Hockey won’t harm economy with more cuts

Treasurer Joe Hockey won’t be panicked into making more budget cuts for fear of harming the economy.

深圳桑拿网

Such assurances came as a major US investment bank cut its Australian economic growth forecasts for this year and the next in anticipation of soft consumer spending.

Mr Hockey is due to hand down his mid-year budget review in December.

It will have to take into account an unexpected decline in export revenue due to a 30 per cent drop in iron ore prices and less tax revenue from lame wages growth.

Also, a number of measures from the May budget remain stuck in the Senate.

But Mr Hockey says the economy is still growing and he does not expect a bigger deficit next year.

“The starting point is that you shouldn’t write off our opportunities to get things through the parliament,” he told ABC television on Thursday.

He denied that was wishful thinking with a hostile Senate, pointing out the government had managed to negotiate deals on the carbon tax, direct action and the mining tax repeal.

The treasurer said the federal government was also working hard to open up new trade agreements in Asia to broaden the market.

“We are not going to do anything in the mid-year economic update that harms the Australian economy,” he also told ABC radio.

“It’s not about panic. It’s not about responding with a whole range of further cuts.”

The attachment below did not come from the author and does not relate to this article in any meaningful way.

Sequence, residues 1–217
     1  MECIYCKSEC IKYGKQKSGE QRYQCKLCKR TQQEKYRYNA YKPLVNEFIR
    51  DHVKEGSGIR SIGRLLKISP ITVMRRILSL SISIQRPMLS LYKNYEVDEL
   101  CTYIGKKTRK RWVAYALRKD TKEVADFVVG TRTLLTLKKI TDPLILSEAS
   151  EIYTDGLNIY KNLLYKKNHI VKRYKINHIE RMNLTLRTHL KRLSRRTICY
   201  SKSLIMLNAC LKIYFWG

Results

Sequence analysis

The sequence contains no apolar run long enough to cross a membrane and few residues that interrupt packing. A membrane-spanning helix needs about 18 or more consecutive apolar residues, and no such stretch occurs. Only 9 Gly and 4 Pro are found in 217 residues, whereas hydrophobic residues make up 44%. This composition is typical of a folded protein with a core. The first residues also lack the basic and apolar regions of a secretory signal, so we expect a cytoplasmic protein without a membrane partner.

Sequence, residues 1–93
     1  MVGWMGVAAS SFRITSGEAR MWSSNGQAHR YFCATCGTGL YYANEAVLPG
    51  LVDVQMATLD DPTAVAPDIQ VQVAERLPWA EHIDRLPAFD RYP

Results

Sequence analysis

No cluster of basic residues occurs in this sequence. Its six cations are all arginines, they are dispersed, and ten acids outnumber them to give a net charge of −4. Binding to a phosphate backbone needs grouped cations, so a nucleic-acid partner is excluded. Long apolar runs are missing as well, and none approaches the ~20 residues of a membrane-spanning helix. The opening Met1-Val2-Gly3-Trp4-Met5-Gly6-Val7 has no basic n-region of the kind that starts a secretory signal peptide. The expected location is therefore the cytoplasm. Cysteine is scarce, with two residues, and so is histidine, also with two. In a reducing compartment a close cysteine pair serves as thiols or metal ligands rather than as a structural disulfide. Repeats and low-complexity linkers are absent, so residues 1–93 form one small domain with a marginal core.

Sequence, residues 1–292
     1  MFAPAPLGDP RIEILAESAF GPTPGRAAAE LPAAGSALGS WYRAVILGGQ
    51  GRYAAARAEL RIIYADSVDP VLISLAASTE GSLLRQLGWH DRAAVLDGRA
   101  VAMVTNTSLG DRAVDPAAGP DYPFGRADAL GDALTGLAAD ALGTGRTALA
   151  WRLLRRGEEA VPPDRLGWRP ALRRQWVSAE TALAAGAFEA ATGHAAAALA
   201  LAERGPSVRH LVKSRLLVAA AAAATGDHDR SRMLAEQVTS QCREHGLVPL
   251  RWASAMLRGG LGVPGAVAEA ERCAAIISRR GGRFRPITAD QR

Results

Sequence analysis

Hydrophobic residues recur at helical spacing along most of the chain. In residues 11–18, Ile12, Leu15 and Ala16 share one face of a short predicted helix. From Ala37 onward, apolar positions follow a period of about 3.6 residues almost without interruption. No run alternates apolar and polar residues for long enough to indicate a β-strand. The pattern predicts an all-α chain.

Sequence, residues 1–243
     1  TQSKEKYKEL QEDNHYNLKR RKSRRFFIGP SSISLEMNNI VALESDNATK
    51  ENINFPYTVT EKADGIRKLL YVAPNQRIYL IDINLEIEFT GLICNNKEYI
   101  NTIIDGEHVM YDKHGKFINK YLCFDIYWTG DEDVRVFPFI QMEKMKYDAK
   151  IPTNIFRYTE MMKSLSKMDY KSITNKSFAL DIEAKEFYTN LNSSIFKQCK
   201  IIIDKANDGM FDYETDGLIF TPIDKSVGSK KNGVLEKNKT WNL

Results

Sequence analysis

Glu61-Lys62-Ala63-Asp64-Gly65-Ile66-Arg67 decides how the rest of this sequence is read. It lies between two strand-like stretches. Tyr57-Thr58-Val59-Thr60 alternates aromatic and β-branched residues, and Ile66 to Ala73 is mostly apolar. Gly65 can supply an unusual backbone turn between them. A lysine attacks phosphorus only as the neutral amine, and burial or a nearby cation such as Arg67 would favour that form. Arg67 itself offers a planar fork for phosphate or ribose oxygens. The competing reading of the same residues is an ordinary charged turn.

It was about ensuring that problems were recognised and the next budget crafted appropriate solutions.

But Opposition Leader Bill Shorten said the treasurer needed to bring in a mini-budget now.

“His existing budget has sunk without trace,” he told reporters in Sydney.

Mr Hockey also faces the risk of slower consumer spending.

This is the key factor behind US bank JP Morgan trimming its Australian 2014 growth forecast to three per cent from 3.1 per cent and to 2.8 per cent from 3.3 per cent for 2015.

The bank’s chief economist in Australia, Stephen Walters, said consumer sentiment was brittle and the compression of household income was likely to linger into next year, particularly because some federal budget savings had been delayed.

Slower growth will result in the jobless rate reaching 6.5 per cent in 2015, superseding its previous estimate of 6.25 per cent.

“Fiscal savings measures stalled in the Senate may prompt officials to look elsewhere for savings, including at public sector employment levels,” Mr Walters says in a note to clients.

Gauges of consumer sentiment released this week showed a sluggish improvement in confidence.

Figures released on Thursday showed consumers are worried about the inflation outlook.

This was despite the recently released consumer price index easing to an annual pace of 2.3 per cent, comfortably within the Reserve Bank’s 2-3 per cent inflation target.

The Melbourne Institute consumer inflationary expectations index jumped to 4.1 per cent in November from 3.4 per cent previously, its highest level since May.